I’ve now decided on future plans for my posts. I’m going to alternate between number theory posts and posts on other subjects, since I lack the focus have too many interests to want to spend all my blogging time on one area.

For today, I’m going to take a break from number theory and go back to representation theory a bit, specifically the symmetric group. I’m posting about it because I don’t understand it as well as I would like. Of course, there are numerous other sources out there—see for instance these lecture notes, Fulton and Harris’s textbook, Sagan’s textbook, etc.  Qiaochu Yuan has been posting on symmetric functions and may be heading for this area too, though if he does I’ll try to avoid overlapping with him; I think we have different aims anyway, so this should not be hard. 

Representation Theory of the Symmetric Group  

I summarized the basic general facts about group representation theory here, which we we will need here. For more complete details, see the references there to other mathematics blogs and this post .

The simple representations of the symmetric group {S_n} are indexed by the conjugacy classes of {S_n}, which correspond to the partitions of {n}. It turns out that we can explicitly construct a simple {L_{\pi}} associated to each {\pi}; this is the goal of today’s post. There are various equivalent ways of doing so; following Fulton and Harris and the arXived notes, I’ll use the Young projectors.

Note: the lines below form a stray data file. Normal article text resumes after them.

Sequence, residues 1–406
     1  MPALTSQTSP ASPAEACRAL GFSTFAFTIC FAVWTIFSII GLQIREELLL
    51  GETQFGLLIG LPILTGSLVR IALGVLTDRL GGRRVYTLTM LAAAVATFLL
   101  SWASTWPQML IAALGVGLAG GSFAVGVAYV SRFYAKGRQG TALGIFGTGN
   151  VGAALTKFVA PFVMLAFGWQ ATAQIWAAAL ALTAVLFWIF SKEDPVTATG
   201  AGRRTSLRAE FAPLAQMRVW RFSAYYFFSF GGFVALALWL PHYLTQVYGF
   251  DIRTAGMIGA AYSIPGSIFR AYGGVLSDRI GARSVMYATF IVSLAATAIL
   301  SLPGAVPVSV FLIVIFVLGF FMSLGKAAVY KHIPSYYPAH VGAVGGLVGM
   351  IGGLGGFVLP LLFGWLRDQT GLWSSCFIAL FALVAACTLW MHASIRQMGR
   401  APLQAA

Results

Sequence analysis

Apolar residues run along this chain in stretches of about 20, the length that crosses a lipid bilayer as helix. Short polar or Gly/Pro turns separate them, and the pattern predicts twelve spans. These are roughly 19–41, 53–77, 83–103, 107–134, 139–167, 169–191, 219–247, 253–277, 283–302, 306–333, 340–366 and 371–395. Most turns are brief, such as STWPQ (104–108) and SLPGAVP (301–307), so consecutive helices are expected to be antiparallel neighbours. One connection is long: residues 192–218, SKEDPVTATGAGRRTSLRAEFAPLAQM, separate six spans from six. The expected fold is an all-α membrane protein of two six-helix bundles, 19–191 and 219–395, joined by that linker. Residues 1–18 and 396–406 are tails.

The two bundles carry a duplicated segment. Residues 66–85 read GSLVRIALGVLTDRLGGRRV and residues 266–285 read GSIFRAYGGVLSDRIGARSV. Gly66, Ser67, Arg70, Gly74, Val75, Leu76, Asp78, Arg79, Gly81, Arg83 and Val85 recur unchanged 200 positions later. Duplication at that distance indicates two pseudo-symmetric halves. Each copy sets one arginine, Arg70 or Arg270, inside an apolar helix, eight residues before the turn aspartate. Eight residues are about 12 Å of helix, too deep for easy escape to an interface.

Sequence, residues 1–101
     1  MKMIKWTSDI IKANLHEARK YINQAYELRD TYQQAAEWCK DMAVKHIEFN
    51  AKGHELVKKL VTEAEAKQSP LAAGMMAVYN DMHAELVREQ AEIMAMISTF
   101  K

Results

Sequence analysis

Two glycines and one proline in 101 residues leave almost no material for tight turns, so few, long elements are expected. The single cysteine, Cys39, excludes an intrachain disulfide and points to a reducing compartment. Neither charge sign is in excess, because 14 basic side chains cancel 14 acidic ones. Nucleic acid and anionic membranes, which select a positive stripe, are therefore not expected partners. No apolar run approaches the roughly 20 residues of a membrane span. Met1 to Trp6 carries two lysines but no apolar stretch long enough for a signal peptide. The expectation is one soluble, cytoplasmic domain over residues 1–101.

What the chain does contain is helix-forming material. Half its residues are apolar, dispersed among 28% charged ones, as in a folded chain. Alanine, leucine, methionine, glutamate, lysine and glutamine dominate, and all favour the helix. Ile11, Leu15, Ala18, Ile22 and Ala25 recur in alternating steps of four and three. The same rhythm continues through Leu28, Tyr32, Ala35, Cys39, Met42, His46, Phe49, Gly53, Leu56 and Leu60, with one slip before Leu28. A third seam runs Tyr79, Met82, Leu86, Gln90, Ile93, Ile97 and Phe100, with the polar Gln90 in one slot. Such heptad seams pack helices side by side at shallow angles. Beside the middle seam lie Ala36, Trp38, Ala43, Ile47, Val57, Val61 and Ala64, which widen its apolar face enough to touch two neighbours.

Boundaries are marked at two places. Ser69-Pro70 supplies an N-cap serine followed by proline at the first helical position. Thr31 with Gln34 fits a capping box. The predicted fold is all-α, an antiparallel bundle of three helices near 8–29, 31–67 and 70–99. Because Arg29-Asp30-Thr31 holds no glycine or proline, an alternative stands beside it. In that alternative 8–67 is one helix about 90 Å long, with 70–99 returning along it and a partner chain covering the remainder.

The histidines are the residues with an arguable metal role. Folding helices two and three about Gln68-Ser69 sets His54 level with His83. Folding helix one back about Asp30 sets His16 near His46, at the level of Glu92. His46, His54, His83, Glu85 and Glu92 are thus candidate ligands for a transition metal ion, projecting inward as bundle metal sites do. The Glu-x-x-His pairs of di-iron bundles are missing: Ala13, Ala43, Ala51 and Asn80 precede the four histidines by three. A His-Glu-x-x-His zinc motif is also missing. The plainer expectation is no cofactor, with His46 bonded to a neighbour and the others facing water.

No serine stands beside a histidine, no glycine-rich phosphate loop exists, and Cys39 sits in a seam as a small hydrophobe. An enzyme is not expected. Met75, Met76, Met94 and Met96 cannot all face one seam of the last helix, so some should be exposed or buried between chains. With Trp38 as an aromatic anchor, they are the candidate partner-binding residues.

So, first of all, given the partition {\pi: n_1 + \dots + n_k = n}, we can assume {n_1 \geq n_2 \geq \dots}, and construct a Young diagram with {n_1} boxes in the first row, {n_2}, in the second, etc:

A Young diagram

Now insert the numbers from {1} to {n} in the boxes, in some order; the result is a Young tableau. It is clear that {S_n} acts on the set of Young tableaux. The Young projectors are constructed from a given tableau using the row and column stabilizer subgroups {P_{\pi}, Q_{\pi}} of {\tau}. Define

\displaystyle a_\pi = \sum_{\sigma \in P_{\pi}} \sigma , \quad b_{\pi} = \sum_{\sigma \in Q_{\pi}} (-1)^{\mathrm{sgn} \sigma} \sigma \in \mathbb{Q}[S_n].

The {S_n}-module {\mathbb{C}[S_n] a_{\pi}} can be described combinatorially as follows: say that two Young tableaux are equivalent if they have the same numbers in each row, and call an equivalence class a tabloid. Then {S_n} acts on the set of tabloids; the corresponding permutation representation is isomorphic to {\mathbb{C}[S_n] a_{\pi}}. Alternatively, this is

\displaystyle \mathrm{Ind}_{S_{n_1} \times \dots \times S_{n_k}}^{S_n} (1 \otimes \dots \otimes 1).

Finally, the Specht module is the submodule {L_{\pi} = \mathbb{C}[S_n] a_{\pi} b_{\pi}}. Up to isomorphism, this does not depend on the choice of tableau, since changing the tableau simply conjugates {P_{\pi}} and {Q_{\pi}}.  

Theorem 1 The Specht modules are non-isomorphic and simple. Every simple representation of {S_n} is isomorphic to one of them.  

Anyway, for now I’m going to leave the theorem as is without proof; in the next post I’ll prove it.   After that I will discuss how one computes the dimensions of these objects—there is an elegant “hook length formula” that gives the dimension from a glance at the Young diagram, and a Frobenius formula to compute the characters.

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